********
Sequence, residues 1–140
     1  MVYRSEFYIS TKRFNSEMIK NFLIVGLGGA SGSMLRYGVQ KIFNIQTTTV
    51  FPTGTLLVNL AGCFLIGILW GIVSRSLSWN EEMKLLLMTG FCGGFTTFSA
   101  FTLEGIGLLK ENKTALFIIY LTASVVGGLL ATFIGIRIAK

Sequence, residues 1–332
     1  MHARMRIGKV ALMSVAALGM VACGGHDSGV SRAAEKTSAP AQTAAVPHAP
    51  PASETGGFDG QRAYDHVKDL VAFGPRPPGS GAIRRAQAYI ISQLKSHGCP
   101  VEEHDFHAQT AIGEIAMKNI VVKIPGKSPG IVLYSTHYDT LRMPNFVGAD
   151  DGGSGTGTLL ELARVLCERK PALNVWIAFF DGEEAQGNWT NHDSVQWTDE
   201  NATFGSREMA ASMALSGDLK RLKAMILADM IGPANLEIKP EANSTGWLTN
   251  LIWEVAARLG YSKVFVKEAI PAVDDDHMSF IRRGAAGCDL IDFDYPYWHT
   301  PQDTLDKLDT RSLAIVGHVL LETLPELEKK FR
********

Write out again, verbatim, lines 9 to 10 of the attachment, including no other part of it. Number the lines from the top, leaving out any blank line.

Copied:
   151  DGGSGTGTLL ELARVLCERK PALNVWIAFF DGEEAQGNWT NHDSVQWTDE
   201  NATFGSREMA ASMALSGDLK RLKAMILADM IGPANLEIKP EANSTGWLTN